I like the concept of promoting independent radical ideas, thinking out of the proverbial box. All engineers and scientist alike should be cheerleaders to concepts such as this one.
However all great ideas need to survive peer review and market forces, if ever is going to be of any merit.
The 39 gr. of carbohydrates from the sucrose/corn-syrup have limited chemical catalysis processes at present time to generate the level of energy as compared to present battery chemistries. Yes, there is an apparent smaller carbon footprint to generate that can of soda. However, if you actually do some more in depth analysis, the author fails to be disclose what energy levels her method has able to achieve at present time, and only acknowledges that it does not generate enough energy to make a single call (typical average 3 minutes).
“Ms Zheng, who is now based in China, admitted that current bio battery's would struggle to generate enough power needed to make a call.”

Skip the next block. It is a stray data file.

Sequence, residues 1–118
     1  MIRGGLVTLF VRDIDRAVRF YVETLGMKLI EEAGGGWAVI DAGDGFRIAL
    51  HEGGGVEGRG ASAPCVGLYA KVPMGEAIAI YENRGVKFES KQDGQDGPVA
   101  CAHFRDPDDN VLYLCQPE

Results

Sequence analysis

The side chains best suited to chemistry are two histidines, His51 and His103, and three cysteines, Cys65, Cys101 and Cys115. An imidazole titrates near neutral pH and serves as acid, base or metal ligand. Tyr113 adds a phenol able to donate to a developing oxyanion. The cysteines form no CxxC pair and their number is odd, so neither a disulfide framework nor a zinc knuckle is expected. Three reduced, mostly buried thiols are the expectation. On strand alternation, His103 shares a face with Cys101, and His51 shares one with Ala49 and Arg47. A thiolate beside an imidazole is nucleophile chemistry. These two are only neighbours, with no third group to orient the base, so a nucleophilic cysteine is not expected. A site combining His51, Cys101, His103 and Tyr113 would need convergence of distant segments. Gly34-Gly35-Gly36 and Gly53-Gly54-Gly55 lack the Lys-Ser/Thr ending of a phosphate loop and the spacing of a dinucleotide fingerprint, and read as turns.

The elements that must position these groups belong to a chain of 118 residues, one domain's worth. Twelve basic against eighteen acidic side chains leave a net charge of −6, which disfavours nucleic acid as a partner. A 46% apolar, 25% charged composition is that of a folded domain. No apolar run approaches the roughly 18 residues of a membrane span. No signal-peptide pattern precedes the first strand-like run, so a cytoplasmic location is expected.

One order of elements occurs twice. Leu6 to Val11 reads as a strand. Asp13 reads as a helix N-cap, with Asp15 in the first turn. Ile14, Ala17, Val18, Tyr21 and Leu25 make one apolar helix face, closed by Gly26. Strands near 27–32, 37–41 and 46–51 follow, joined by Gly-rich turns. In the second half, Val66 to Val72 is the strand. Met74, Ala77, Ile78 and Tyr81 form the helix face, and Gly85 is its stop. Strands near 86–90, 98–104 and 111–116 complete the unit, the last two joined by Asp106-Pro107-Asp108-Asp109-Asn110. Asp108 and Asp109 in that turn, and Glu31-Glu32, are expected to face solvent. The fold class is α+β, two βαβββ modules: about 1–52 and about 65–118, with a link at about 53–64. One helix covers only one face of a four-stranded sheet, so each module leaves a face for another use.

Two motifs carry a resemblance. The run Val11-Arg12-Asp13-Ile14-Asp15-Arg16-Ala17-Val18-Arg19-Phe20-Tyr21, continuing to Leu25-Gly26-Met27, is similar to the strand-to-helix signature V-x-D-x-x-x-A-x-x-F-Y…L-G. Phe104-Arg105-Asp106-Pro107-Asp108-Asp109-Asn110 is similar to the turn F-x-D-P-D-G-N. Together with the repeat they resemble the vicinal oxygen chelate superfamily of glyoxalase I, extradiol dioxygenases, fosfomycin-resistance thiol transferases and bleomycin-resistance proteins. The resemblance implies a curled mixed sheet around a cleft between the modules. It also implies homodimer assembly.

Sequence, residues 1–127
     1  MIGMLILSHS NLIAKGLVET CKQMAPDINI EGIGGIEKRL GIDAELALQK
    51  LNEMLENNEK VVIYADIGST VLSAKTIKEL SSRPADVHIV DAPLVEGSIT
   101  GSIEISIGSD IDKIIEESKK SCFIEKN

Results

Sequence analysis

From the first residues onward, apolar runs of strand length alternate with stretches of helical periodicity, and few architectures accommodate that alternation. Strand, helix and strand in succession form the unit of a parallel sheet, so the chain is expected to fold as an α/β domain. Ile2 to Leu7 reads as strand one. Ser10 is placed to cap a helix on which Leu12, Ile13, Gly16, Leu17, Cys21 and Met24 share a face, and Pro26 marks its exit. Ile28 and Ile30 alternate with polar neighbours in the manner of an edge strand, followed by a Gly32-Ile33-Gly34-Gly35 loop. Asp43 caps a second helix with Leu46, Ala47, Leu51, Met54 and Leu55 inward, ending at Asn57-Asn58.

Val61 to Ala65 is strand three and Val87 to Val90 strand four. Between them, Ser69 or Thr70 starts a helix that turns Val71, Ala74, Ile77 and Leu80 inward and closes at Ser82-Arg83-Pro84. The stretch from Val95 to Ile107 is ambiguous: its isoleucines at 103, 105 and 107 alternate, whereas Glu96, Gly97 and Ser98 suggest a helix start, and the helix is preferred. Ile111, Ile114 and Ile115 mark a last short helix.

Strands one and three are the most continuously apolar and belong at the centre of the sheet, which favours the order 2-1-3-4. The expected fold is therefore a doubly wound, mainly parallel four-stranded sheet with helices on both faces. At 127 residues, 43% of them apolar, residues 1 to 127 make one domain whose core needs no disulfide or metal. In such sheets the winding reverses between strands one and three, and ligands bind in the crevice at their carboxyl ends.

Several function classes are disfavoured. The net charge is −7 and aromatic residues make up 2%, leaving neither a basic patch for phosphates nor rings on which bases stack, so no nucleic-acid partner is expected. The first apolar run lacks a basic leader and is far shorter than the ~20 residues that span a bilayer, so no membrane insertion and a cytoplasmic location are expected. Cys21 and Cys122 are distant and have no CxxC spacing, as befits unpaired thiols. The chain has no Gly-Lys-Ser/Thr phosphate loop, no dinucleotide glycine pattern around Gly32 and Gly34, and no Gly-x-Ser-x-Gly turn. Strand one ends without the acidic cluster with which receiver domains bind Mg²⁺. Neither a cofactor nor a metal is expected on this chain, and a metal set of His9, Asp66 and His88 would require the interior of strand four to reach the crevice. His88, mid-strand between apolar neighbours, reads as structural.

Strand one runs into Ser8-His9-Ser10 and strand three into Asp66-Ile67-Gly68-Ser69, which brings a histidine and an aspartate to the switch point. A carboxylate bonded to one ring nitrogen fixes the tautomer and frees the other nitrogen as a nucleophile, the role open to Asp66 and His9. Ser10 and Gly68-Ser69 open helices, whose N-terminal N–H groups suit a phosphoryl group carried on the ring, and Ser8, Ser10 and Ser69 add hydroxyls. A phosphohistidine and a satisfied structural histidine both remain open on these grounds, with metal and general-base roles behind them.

Read more: http://www.dailymail.co.uk/sciencetech/article-1243096/Fizzy-mobile-Nokia-phone-runs-coke.html#ixzz0xorpTQ00
Also to state the fact that the byproducts are only Water and Oxygen, since there are other ingredients besides the sugar and water in the coke formula, so that assertion is half the picture, this brief piece fails to realize that the footprint of the can, and other logistics of multiple refills.
So what is the prognosis as a future energy source?
Very grim from my perspective, her concept has a very slim change to be a commercial viable product other than a chemistry experiment for high schools!
Blog Doing Math in FPGAs Tom Burke 23 comments For a recent project, I explored doing "real" (that is, non-integer) math on a Spartan 3 FPGA. FPGAs, by their nature, do integer math. That is, there's no floating-point ...